Toyne's strength was his capacity to realise who the key players were, and how he could use them, regardless of their politics. He had no qualms about dealing in the halls of power. He could talk to, beguile and befriend his enemy.

Bob Brown still marvels at how Toyne convinced him that he'd have to deal with Senator Graham Richardson to influence Prime Minister Bob Hawke to get those protective listings placed over Tasmania. Richo was hardly a friend of the Greens.

Pat Dodson still marvels at how Toyne, the lawyer-cum-schoolteacher-of remote blackfella camps, would convince him to climb into his tiny, frail aircraft, and wobble off across the vast desert to make deals with the enemy.

Noel Pearson will long marvel at the negotiating skills he learnt from Toyne.

And as for that totally unlikely marriage of the Australian Conservation Foundation and the National Farmers' Federation? There are many still gasping in disbelief, after all those years, at just how that happened. It was Toyne's capacity to recognise and isolate the key players - whatever their hue - then go and sit with them and work shit out.

Having seen only the first episode of The Killing Season, with its dark pall of treachery and mistrust, I felt there was only one person in the whole damn thing who came through it with class and some unblemished dignity: former Treasury boss Ken Henry (below).


Henry's visionary suggestions for revamping the way wine is taxed are now nearly seven years old. In their way, these recommendations could have the single biggest positive influence over the future life of Australia's biggest river system, talking green.

In a country with no water, you can't maintain a basin of this importance by using 1200 litres of its water to make a litre of drink that's three times the strength of your average beer but is sold for the price of bottled water.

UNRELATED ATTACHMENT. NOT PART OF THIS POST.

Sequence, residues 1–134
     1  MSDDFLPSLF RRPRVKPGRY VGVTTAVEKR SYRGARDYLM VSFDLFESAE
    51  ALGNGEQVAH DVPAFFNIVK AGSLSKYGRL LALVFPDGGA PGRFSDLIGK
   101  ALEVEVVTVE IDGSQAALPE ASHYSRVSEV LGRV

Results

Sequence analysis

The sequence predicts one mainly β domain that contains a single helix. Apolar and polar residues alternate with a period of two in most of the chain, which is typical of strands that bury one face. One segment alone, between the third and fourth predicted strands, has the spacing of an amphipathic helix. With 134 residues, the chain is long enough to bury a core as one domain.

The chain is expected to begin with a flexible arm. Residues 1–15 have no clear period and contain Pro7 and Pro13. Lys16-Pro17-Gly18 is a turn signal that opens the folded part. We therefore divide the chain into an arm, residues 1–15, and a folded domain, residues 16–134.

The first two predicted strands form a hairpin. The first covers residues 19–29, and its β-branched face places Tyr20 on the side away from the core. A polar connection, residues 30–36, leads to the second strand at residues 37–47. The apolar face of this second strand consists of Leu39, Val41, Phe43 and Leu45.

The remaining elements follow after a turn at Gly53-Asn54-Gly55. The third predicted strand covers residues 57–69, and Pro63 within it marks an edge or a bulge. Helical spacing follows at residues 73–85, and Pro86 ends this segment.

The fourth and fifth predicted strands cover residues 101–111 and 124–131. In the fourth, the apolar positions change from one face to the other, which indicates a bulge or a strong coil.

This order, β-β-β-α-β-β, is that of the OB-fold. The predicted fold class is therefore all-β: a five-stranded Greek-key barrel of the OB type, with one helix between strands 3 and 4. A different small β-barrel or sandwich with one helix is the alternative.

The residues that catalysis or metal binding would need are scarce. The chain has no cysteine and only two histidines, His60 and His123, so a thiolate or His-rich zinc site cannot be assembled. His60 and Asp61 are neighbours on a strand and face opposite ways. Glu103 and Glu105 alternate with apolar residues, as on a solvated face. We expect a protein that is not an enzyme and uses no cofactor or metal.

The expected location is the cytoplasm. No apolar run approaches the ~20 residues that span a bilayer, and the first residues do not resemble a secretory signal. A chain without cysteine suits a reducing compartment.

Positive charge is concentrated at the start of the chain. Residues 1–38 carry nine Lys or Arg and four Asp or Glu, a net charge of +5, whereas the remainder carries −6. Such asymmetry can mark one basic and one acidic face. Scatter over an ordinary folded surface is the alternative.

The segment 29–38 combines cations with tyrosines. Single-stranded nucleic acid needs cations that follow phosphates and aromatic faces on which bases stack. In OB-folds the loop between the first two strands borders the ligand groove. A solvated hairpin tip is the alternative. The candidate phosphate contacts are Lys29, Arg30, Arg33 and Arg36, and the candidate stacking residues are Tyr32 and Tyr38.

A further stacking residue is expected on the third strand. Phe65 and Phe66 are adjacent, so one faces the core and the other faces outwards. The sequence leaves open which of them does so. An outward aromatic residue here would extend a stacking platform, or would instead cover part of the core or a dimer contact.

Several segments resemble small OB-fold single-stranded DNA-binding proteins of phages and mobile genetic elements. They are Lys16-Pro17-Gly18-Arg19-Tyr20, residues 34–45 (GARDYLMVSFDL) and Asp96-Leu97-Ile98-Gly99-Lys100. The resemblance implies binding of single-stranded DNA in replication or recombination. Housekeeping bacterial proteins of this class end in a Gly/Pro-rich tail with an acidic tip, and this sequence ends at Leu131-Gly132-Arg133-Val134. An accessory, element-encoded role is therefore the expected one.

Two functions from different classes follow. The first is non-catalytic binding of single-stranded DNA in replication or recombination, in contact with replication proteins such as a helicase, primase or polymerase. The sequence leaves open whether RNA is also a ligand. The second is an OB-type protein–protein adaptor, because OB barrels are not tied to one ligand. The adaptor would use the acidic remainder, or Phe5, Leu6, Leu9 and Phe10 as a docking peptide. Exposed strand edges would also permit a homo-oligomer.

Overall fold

This huge socio-environmental scam exists only because the bladder pack plonk made there is taxed at a rate lower than better quality, more profitable and more environmentally-responsible wine.

Now we see huge premium wine companies like Treasury and Pernod-Ricard's Jacob's Creek calling for a rethink on the calm sense in Henry's recommendations. They agree that the unfair and corrupted WET Rebate system should be replaced with an across-the-board excise like all other alcohol incurs.

Not only is this more profitable for them, but this is classic left-meets-right creative thinking. We finally see the big guys - traditionally regarded as the enemy of the small high quality wine producer - jumping the fence. They no longer seek to be regarded primarily as producers of cheap bladder pack plonk, with all its dubious implications.

They've left the confounding web of wine industry councils and committees out on their own, looking very silly indeed.

Who do these bodies look after? They look after the subsidised bladder pack business that stretches the viability of our river. 

Toyne would love these politics.

So the mischief in me uses the death of this great man to suggest that right now, Ken Henry is the Phillip Toyne the wine business needs.

But you know what? Unlike the Farmers Federation, who saw the green light, the wine industry can't grasp just how its perceived enemy could be its long-term saviour.

Which convinces me it's not really a single industry at all. There are two businesses and they have very little in common. The water-abusing bladder packers have hidden behind the veil of the premium quality, more profitable, environmentally-responsible gastronomic artists for far too long.

In the bright spirit of Phillip Toyne, Ken Henry knew this eight years ago.

2 comments:

Bob Allan said...

Philip White, I just came across your article about Phillip Toyne. As well as being Phillip's doctor, I was a close friend. As such I had the pleasure of accompanying him on many outback trips, and also frequently sharing a bottle of Australian red with him. He enjoyed a glass right up to the last weeks of his life. I agree your assessment of Phillip's contribution to the environment and aboriginal affairs. Many thanks for a great article. Cheers.

Philip White said...

Thankyou Bob. I always felt lucky to be near him. I learnt much.